We all need an occasional "whack on the side of the head" to shake us out of routine patterns, to force us to re-think our problems, and to stimulate us to ask the questions that may lead to other right answers.
"Whacks" come in all shapes, sizes, and colors. They have one thing in common, however. They force you – at least for the moment – "to think something different." Sometimes you'll get whacked by a problem or a failure. Sometimes it'll be the result of a joke or a paradox. And sometimes it will be a surprise or an unexpected situation that whacks you.
Those ideas or situations that cause you to get off your routine paths and "think something different" are whacks to your thinking. Sometimes getting a whack on the side of the head can be the best thing to happen to you. It might help you spot a potential problem before it arises. It could help you discover an opportunity that wasn’t previously apparent. Or, it could help you generate some new ideas.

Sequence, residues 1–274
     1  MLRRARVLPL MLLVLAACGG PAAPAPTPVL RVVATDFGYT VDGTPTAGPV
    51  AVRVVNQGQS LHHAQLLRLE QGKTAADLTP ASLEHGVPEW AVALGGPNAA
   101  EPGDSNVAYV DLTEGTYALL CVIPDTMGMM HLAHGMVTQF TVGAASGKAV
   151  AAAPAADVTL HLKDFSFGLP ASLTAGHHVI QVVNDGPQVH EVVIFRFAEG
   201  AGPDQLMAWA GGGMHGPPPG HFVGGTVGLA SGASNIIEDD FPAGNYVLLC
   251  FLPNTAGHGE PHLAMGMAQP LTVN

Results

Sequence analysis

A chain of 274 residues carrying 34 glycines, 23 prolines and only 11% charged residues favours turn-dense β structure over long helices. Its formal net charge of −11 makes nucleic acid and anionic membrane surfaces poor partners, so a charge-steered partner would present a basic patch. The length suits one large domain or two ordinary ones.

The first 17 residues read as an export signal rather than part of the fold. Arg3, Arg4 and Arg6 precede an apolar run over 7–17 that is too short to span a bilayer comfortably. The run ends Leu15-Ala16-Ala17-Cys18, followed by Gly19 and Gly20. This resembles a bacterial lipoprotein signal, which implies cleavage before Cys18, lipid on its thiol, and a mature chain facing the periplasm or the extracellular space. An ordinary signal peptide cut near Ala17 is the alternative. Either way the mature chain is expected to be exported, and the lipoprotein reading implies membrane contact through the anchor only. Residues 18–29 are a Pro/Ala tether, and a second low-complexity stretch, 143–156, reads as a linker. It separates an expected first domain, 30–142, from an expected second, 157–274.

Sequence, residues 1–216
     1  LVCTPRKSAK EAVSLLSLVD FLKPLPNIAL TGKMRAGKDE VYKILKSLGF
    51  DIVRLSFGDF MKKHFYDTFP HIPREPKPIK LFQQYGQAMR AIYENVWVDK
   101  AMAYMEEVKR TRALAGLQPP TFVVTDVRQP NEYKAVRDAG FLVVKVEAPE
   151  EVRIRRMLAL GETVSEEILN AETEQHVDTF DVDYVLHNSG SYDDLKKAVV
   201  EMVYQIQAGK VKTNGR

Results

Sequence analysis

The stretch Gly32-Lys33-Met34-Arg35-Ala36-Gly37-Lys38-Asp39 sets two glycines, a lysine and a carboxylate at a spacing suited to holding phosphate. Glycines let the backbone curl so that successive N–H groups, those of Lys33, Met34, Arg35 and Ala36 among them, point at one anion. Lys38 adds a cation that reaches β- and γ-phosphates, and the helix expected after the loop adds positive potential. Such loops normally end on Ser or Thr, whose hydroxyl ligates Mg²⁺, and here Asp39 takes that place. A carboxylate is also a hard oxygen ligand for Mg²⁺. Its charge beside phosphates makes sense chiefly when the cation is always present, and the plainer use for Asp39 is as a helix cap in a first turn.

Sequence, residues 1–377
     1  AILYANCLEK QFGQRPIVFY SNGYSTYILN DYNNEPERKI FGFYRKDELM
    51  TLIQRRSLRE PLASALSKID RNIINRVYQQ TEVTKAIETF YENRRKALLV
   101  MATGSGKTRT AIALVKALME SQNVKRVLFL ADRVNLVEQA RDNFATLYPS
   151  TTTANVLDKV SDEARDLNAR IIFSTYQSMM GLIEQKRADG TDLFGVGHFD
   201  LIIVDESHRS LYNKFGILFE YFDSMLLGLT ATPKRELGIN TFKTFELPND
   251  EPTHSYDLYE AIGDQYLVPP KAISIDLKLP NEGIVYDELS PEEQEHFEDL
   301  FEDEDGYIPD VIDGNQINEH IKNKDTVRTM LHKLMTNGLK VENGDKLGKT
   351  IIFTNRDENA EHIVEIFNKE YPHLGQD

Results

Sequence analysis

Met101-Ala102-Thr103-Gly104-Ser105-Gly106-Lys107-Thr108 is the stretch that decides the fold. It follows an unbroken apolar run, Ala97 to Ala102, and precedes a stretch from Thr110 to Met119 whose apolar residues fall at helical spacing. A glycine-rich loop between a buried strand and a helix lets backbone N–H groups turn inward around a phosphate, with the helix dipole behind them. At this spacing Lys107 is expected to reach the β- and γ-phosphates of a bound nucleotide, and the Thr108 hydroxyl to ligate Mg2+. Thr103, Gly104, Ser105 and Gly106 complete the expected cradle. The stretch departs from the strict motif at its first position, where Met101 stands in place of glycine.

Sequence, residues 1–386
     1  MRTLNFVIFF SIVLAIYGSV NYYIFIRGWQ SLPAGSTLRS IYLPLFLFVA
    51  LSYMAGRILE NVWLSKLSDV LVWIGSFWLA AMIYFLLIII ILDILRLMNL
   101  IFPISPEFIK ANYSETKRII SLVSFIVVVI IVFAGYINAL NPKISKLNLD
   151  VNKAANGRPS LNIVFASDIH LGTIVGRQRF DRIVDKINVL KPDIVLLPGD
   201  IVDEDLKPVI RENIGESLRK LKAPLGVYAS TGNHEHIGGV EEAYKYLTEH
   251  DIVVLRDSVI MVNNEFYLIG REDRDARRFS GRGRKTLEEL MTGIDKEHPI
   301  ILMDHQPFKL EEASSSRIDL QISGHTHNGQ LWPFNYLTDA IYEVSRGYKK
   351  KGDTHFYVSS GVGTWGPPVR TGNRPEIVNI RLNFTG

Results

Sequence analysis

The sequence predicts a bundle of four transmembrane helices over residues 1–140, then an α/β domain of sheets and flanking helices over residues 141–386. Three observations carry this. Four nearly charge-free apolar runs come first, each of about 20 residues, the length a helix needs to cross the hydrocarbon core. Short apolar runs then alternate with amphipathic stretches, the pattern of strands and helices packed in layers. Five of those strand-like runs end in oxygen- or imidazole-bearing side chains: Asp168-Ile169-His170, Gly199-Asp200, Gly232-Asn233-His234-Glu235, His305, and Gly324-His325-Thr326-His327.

Mental locks can be opened in one of two ways. The first technique is to become aware of them, and then to temporarily forget them when you are trying to generate new ideas. If that doesn't work, maybe you need a "whack on the side of the head". That should dislodge the presuppositions that hold the locks in place.
A Whack on the Side of the Head
Roger von Oech
What Makes a Person Creative?
"Creativity is the power to connect the seemingly unconnected." -William Plomer
What makes a person creative? Basically nine similarities are found in creative people. On knowing these details, one could understand themselves and enhance their creativity by acquiring the necessary skills.
The nine common qualities are:
1) Inherited Sensitivity: A propensity for a greater sensitivity to certain types of experience- mathematical, artistic, musical, mechanical and literary. This appears to be well established by studies of families who exhibit high creativity in certain fields over generations.
2) Early Training: The creative person more likely than not, had his childhood in a home atmosphere that encouraged, rather than discouraged, inquisitiveness.
3) Liberal Education: The creative person is more likely to express his creativity if he is exposed to teachers and curricula that place a premium upon questions rather than answers, and which reward curiosity rather than learning by rote and conformity.